European Medicines Agency (EMA): Investigation of Drug Interactions
U.S. Food and Drug Administration (FDA): In Vitro Metabolism – and Transporter-Mediated Drug-Drug Interaction Studies Guidance for Industry

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Frequently Asked Questions (FAQs) about Assays for Drug Transporters

  • What are drug transporters?

    Drug transporters are proteins that can mediate the movement (uptake or efflux transporters) of drugs across cellular membranes and as a result can have an impact on the pharmacokinetics of both endogenous and xenobiotic compounds. The majority of clinically significant membrane transport proteins can be split into two families: the uptake transporters or solute-linked carrier (SLC) family and the efflux transporters or ATP-binding cassette (ABC) family. The effect of these transporters on drug pharmacokinetics has moved them to the forefront of pharmaceutical research and in vitro drug transporter assays help investigate if newly-developed drugs interact with these proteins, either directly as transported substrates, or as inhibitors which can modulate the disposition of co-administered compounds.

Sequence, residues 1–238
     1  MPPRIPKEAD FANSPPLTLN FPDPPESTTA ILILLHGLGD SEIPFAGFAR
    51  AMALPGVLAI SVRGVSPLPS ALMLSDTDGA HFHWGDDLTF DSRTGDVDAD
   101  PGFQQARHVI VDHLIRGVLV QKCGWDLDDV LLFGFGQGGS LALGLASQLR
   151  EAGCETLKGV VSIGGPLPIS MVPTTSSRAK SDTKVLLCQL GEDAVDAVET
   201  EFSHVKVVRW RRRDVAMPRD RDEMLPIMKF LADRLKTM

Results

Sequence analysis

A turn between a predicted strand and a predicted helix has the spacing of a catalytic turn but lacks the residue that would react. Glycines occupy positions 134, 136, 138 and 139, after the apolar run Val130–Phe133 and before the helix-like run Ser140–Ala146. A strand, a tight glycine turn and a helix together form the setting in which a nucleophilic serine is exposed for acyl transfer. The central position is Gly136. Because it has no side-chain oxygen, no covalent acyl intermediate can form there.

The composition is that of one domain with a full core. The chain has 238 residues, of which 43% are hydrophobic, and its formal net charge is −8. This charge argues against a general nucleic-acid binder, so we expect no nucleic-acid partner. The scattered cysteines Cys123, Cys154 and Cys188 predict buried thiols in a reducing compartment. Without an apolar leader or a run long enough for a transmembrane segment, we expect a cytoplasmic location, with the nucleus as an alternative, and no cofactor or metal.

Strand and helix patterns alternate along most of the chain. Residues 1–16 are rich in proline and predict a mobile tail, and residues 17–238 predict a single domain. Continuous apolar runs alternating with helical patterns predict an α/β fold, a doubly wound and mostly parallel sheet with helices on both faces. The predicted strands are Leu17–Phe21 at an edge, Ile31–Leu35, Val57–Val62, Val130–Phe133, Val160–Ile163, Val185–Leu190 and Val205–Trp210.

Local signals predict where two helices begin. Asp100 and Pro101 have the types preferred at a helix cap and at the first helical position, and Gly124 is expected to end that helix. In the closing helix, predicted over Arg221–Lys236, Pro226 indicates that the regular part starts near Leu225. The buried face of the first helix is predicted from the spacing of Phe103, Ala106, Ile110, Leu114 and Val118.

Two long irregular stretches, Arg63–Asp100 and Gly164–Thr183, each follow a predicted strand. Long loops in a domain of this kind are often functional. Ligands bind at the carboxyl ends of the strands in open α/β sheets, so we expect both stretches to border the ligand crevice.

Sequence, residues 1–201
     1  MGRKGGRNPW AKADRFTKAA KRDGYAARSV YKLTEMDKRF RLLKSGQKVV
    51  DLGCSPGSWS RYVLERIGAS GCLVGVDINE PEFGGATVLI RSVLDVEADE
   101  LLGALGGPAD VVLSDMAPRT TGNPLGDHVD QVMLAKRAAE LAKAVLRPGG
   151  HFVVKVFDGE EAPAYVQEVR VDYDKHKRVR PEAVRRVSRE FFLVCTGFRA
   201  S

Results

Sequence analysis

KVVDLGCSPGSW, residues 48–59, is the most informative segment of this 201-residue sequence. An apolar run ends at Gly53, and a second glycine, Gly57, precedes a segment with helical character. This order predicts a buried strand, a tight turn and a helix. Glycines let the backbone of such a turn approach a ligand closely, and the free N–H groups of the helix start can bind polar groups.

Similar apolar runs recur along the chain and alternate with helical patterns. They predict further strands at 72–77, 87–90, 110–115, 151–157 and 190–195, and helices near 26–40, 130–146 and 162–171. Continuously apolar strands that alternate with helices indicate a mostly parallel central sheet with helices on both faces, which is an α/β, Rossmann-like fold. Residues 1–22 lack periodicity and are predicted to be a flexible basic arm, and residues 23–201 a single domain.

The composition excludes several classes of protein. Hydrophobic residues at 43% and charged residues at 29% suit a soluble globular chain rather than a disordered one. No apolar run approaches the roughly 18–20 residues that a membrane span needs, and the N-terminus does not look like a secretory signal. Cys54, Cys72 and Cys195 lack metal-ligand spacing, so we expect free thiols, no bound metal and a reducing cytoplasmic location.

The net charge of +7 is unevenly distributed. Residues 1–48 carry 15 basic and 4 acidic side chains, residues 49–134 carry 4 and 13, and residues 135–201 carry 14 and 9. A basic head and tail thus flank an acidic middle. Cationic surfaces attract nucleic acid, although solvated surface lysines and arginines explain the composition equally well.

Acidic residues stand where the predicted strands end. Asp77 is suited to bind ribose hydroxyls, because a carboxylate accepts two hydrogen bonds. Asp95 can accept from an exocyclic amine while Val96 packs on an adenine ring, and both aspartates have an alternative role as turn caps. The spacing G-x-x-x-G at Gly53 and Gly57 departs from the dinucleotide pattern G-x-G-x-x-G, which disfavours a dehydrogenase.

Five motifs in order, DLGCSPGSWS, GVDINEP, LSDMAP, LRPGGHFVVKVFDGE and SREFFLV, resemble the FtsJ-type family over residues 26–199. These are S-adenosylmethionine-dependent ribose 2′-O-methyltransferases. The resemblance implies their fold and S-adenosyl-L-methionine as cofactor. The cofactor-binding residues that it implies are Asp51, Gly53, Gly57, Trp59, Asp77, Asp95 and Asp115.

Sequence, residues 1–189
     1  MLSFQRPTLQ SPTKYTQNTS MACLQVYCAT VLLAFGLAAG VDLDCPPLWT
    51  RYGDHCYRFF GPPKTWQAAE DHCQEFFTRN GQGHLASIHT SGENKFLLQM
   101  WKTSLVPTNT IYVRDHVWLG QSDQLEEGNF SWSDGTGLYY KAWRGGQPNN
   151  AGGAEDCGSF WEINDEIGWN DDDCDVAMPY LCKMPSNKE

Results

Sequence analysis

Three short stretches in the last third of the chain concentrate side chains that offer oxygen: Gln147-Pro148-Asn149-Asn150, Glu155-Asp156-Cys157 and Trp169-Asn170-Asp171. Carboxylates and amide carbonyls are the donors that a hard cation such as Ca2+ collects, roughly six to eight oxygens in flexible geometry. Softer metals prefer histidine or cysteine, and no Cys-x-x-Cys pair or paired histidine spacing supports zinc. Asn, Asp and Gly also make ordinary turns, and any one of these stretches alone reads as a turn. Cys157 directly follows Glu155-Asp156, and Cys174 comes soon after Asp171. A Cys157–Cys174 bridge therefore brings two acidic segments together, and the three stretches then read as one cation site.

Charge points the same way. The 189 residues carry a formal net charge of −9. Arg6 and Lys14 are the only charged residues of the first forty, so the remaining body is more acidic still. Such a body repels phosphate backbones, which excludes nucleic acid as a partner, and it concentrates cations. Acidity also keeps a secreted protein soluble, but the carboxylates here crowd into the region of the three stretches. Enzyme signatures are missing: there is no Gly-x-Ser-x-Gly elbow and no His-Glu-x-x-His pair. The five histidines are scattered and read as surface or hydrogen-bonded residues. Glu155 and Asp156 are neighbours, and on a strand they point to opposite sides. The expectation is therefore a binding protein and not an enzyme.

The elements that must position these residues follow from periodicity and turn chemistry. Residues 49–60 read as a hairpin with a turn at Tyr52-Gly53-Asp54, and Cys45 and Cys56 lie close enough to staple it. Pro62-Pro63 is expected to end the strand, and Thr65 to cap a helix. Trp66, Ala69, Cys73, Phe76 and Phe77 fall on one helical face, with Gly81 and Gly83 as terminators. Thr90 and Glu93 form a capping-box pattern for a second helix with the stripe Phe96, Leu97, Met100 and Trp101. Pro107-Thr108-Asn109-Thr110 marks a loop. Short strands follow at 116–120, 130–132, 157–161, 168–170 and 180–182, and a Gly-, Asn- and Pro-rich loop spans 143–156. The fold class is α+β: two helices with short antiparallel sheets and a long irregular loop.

• What is a drug-drug interaction?

    A drug-drug interaction (DDI) occurs when the administration of one drug modifies the pharmacokinetics, pharmacodynamics, or disposition of another drug. A DDI can delay, decrease, or enhance the ADMET profile of either drug, which in turn can cause an adverse effect on the efficacy or toxicity profile of one or both drugs.